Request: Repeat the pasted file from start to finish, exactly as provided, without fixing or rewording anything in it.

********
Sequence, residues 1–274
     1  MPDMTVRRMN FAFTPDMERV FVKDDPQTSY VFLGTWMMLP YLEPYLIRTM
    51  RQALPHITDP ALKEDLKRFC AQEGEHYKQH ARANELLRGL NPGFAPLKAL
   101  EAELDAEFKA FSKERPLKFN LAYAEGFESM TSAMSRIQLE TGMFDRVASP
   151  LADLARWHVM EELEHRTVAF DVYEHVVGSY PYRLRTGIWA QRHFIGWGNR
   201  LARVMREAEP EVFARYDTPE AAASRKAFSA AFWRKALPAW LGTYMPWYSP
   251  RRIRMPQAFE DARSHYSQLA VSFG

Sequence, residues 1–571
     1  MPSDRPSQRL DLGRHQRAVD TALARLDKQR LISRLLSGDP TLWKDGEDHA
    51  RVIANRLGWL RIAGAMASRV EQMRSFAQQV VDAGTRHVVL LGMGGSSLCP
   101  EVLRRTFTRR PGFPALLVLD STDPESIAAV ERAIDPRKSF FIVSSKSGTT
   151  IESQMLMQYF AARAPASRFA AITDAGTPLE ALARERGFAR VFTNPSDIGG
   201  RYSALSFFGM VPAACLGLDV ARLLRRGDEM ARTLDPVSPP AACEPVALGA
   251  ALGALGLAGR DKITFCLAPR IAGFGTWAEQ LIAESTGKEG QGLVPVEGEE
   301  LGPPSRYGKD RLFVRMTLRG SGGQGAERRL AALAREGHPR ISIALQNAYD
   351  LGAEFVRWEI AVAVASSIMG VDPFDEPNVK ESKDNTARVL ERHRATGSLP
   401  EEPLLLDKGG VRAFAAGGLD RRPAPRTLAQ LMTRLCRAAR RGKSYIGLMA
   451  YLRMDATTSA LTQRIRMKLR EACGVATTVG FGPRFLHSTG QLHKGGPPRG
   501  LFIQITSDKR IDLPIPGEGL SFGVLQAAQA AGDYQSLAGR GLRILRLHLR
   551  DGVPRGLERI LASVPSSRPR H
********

Sequence, residues 1–274
     1  MPDMTVRRMN FAFTPDMERV FVKDDPQTSY VFLGTWMMLP YLEPYLIRTM
    51  RQALPHITDP ALKEDLKRFC AQEGEHYKQH ARANELLRGL NPGFAPLKAL
   101  EAELDAEFKA FSKERPLKFN LAYAEGFESM TSAMSRIQLE TGMFDRVASP
   151  LADLARWHVM EELEHRTVAF DVYEHVVGSY PYRLRTGIWA QRHFIGWGNR
   201  LARVMREAEP EVFARYDTPE AAASRKAFSA AFWRKALPAW LGTYMPWYSP
   251  RRIRMPQAFE DARSHYSQLA VSFG

Sequence, residues 1–571
     1  MPSDRPSQRL DLGRHQRAVD TALARLDKQR LISRLLSGDP TLWKDGEDHA
    51  RVIANRLGWL RIAGAMASRV EQMRSFAQQV VDAGTRHVVL LGMGGSSLCP
   101  EVLRRTFTRR PGFPALLVLD STDPESIAAV ERAIDPRKSF FIVSSKSGTT
   151  IESQMLMQYF AARAPASRFA AITDAGTPLE ALARERGFAR VFTNPSDIGG
   201  RYSALSFFGM VPAACLGLDV ARLLRRGDEM ARTLDPVSPP AACEPVALGA
   251  ALGALGLAGR DKITFCLAPR IAGFGTWAEQ LIAESTGKEG QGLVPVEGEE
   301  LGPPSRYGKD RLFVRMTLRG SGGQGAERRL AALAREGHPR ISIALQNAYD
   351  LGAEFVRWEI AVAVASSIMG VDPFDEPNVK ESKDNTARVL ERHRATGSLP
   401  EEPLLLDKGG VRAFAAGGLD RRPAPRTLAQ LMTRLCRAAR RGKSYIGLMA
   451  YLRMDATTSA LTQRIRMKLR EACGVATTVG FGPRFLHSTG QLHKGGPPRG
   501  LFIQITSDKR IDLPIPGEGL SFGVLQAAQA AGDYQSLAGR GLRILRLHLR
   551  DGVPRGLERI LASVPSSRPR H